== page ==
Marin Pine Mountain One - Ride Review
You've just turned 12, it's 1995 and your parents finally buy you that 21-speed, shimano equipped mountain bike you've had your eye on for the last year or two.
Finally, you can get out on the trails and truly be bucked and bounced around with true grit and guts in an evolving sport you so desperately want to follow....
Fast forward 21 years and the feelings are quite similar. A strange, excited apprehension surrounded me leading up to heading out on my favourite local trails on the fully rigid, 30th anniversary, plus-sized Marin Pine Mountain One, kindly supplied by Mybike Whangarei. It has literally been years since I have ridden anything without suspension on any form of off-road trail, so it was safe to assume my back and overly suspension reliant body was pondering the hurt and pain it was about to endure.
Once I had changed the pedals to my trusted SPD's, adjusted the seat post to my desired level and taken a MASSIVE uneducated guess at tyre pressures, I was off into my first trail. To Begin, I forgot all about the fact that the bike was rigid as I climbed my way up the access trail of my local park with 100% efficiency and relative ease with the latter taken very liberally.
The Pine Mountain, tipping the scales at 14.7 Kilograms, climbed with the traction of a full suspension, the power of a single speed with the skill and control of a hard-tailed, race bred carbon missile.
From the top of the park I then had multiple options,
A. Rest and take photo's while grinning
B. XC trails while still grinning
C. DH trails while partially grinning and grimacing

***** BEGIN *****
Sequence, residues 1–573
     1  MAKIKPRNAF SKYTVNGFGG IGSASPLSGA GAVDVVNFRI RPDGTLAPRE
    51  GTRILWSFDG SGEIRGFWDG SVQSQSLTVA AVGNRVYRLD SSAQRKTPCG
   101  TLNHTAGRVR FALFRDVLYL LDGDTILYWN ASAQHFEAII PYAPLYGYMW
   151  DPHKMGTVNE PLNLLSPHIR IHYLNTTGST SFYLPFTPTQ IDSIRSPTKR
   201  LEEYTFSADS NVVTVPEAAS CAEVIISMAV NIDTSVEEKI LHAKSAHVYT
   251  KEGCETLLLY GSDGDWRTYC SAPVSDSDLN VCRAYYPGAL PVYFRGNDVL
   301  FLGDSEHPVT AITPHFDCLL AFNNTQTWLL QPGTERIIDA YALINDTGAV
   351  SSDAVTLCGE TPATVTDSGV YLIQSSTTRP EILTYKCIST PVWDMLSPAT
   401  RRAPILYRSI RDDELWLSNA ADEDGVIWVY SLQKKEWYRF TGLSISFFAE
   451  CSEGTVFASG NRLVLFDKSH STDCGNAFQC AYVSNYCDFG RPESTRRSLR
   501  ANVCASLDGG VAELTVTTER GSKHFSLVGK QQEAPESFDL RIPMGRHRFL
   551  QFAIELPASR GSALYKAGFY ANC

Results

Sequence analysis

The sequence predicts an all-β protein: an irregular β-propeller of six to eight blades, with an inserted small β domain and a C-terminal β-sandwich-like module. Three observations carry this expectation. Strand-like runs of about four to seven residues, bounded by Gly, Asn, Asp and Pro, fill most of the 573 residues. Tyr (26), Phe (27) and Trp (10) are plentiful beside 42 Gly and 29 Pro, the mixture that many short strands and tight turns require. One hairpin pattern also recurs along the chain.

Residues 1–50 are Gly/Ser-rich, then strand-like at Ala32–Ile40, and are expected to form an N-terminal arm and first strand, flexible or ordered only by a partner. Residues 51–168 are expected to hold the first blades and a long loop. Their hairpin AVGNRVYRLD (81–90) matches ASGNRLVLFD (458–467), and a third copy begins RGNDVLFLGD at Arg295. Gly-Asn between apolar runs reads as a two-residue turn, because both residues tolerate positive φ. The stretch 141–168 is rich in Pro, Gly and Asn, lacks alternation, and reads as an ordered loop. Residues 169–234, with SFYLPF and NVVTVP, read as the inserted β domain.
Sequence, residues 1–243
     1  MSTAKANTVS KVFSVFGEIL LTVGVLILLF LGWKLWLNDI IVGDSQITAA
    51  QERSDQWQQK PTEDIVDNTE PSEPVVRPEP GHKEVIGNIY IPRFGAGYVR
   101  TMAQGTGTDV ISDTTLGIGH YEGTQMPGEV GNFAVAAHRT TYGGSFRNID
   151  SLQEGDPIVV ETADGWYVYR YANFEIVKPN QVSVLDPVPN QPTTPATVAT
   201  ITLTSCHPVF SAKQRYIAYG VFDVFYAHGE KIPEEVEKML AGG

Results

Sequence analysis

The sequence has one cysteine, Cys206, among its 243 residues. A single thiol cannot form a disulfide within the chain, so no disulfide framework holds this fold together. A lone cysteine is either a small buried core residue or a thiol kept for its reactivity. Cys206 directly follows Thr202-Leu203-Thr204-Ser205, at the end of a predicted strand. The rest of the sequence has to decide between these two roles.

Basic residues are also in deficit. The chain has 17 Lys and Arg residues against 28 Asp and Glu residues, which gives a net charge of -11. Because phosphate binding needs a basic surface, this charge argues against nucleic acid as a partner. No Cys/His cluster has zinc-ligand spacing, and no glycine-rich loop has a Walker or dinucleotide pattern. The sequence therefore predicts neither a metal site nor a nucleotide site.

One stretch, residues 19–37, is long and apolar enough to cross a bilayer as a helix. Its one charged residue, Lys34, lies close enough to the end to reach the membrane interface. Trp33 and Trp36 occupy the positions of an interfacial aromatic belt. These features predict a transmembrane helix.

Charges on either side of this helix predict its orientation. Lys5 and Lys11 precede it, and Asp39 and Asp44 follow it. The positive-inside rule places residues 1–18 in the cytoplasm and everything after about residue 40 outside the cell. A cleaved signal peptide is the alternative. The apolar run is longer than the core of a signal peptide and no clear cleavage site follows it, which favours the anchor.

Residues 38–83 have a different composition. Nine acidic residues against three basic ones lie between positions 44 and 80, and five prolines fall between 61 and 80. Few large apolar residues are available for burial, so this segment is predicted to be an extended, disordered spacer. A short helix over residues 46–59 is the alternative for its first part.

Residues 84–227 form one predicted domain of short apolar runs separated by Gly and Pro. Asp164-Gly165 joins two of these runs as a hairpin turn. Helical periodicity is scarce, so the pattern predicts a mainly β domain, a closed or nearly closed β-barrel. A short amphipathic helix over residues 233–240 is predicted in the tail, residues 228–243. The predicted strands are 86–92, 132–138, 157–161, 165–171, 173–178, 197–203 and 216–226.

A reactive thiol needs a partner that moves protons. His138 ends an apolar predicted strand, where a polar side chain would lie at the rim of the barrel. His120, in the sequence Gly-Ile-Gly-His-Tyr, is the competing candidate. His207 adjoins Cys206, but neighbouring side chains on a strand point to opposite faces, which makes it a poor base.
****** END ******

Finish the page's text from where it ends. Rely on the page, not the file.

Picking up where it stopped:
D. Turn around and go home and make the rest up?
Naturally, option D. sounded great but being a true hairy legged mountain biker I proceeded to complete the above options in order.
Heading off into my first, rugged XC trail, I noticed the plus-sized tyres came into their own offering much more forgiving results in uneven terrain and exposed root sections. In areas where my dual suspension carbon 29er would normally create unrest in the steering department, the Pine Mountain seemed to tackle them head-on in a show of marksmanship that I haven't felt in a long time.
Now, you may be thinking the inclusion of a DH trail may seem a little overly ambitious? Well the true reason for the DH trail was to test the bikes true climbing ability as claimed by Marin so what better then to tackle a rock garden, near vertical drop and rugged rooted sections in reverse of the stereotype.
The performance of this was out-standing and had me boggled as to how much traction it really had while maintaining control and direction. The ability to climb on the back wheel over large rocks was a testament to curvy fat wheels hugging the harsh obstacle. Much like my body in a lycra clad cycling suit, it just doesn't happen, so to break this norm was a massive positive in the bikes overall characteristics.
In the descents, the white knuckled expectation didn't come, sure you had to be active in the saddle and naturally have some form of skill to avoid certain obstacles but the fact was, it descended with a positive feel, brakes that worked and were adequate for the bikes limits. The stiff front end aided to the descending speed and control in which you could push in places while the tyres offered some reprieve from the bouncing and bucking over rougher sections.
To summarize, the true review of the Marin Pine Mountain One will really come down to the individual user and what makes you tick. For me, the bike brought me back to the true essence of mountain biking and had me grinning continually from ear to ear.
For an off the-shelf bike it was one of few I have ever ridden that required little adjustments to feel comfortable enough to ride a level close to what you know while re-opening your mind as to why we really ride.
Affordable, Simplistic, bare boned fun.